Story 6 :: Hands Out of My Pockets

I was in seventh grade. I was getting a reputation for being a Christian, which also somehow silently meant students could pick on me without recourse. I would randomly get punched in the hallway and boys (trying to get a name for themselves) would challenge me to fight because I would not fight back. It got to the point that teachers were starting to notice and were trying to keep a watchful eye for me.

This was an awkward year for me. I was struggling academically. I realized my vision was very bad (as I could not see the board), so I had to get glasses. I was now an out spoken “four-eyed” Christian. I was perceived as weak even though I was not. Inwardly, I was fighter but was doing my best to behave as I believed Christ would have me.

When I was in elementary, I was put into a specials class because of my behavior. This class was put into my schedule when I came to middle school. In 7th grade, the school and my parents agreed I should be removed from the class. The class that I had specials with was Language Arts. However, when I came back to the main classroom, I was very behind and struggling. For the next several months, I came in early every morning to meet with my homeroom teacher. She personally taught me to diagram sentences.

It was during this time that she grew to know me and the hardships I was experiencing. One day a student (much bigger than I), challenged me to fight after school the next day. He said there was no walking away from this one. I would fight or get badly beaten up. The kids started talking about it and word spread fast.

I went home that day and told my Mom about what happened. I told her that this boy was going to fight me and beat me up if I did not fight back. I said, “I don’t think I can keep my hands in my pockets anymore.”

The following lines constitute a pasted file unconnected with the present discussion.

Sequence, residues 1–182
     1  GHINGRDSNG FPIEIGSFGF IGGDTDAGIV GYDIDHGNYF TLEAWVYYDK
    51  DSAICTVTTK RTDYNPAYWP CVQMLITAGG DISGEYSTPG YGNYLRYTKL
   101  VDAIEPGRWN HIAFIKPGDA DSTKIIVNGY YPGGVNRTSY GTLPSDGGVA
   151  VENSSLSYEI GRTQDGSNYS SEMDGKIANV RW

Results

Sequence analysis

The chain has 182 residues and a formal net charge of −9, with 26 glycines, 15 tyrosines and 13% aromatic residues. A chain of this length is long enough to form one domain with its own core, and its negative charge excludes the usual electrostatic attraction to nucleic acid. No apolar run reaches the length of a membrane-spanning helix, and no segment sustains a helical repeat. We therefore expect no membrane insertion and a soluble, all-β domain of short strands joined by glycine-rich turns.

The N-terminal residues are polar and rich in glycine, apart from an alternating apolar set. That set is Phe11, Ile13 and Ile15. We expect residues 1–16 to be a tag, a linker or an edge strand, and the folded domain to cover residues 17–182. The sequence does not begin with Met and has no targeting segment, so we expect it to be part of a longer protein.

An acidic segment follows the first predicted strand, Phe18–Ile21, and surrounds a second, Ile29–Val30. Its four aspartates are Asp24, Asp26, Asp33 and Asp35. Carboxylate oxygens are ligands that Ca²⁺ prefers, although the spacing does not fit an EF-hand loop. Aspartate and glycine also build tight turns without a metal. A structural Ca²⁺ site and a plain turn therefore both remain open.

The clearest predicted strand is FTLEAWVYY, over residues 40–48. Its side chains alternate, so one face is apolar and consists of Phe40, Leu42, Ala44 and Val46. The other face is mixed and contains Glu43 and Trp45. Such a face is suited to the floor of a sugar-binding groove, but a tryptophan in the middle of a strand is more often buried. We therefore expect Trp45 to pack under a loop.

My mom agreed. She said, “I understand. But, know that if you do fight, you must be willing to accept the consequences. Your Dad and I will back the school in those situations.”

I know some may think why didn’t my mom just go tell the principal and get the other boy in trouble. Well, that just wasn’t how things happened back then. My parents believed that we should fight our own battles – and learn from them. In addition, you have to realize what situation that would put me in with those at school. I would now be a four-eyed Christian who is not only weak but has to have his Momma fight his battles. I would never recover from that reputation the next six years.

The next day, all the kids were talking about it. Everyone knew I was going to get it.

There just comes that day in middle school that defines what kind of person you are going to be. I knew I could fight, but I didn’t want to bring shame to the name of Christ. I began to think if I didn’t fight I would be branded as weak and be the epitome of the stereotype. I was struggling.

I sat quietly (all packed up), waiting for the dismissal bell to ring. All of the kids were anxious and nearly standing at their desks ready for the encounter. The thing is when you fight at school, you have about 30 seconds before a teacher will break it up so you have to get your punches in.

The bell rang and everyone dashed for the door. I didn’t move. I didn’t know what to do. I got up slowly and exited the door. He came out the opposite side door and we meet in the middle. The entire adjoining classes were all huddled around us eager for the show to get on. He gave me a few choice cuss words, but I turned to walk away. Suddenly, everything changed. I dropped my bag and charged him. I landed two or three swings and had him backing up all the way to the other side of the crowd. My home room teacher came out and broke it a part. She brought me back to the classroom. She let me cry, regain my composure and cool down. The crowd dissipated. I knew I was going to be in trouble. She smiled and said, “Well, then. I think it’s time for you to go catch your bus.”

I was shocked. I walked out the side door and picked up my bag that I dropped previously. I then realized that my homeroom teacher witnessed the whole thing. She watched to see what I would do. She always had my back. She knew the boy fighting me was not going to back down. If it was not that day it would be another. She just didn’t know how I was going react. I think my reaction not only took the boy by surprise but also my teacher. A new respect was given to the four-eyed Christian boy.

I was never again challenged to fight that year by anyone and everyone had a newfound respect for me. I was not weak or afraid. I could defend myself and my faith. The boy who wanted to fight me, well, we actually became somewhat friends and had a cordial relationship even through high school. He never again challenged me and would always listen when I was sharing my faith.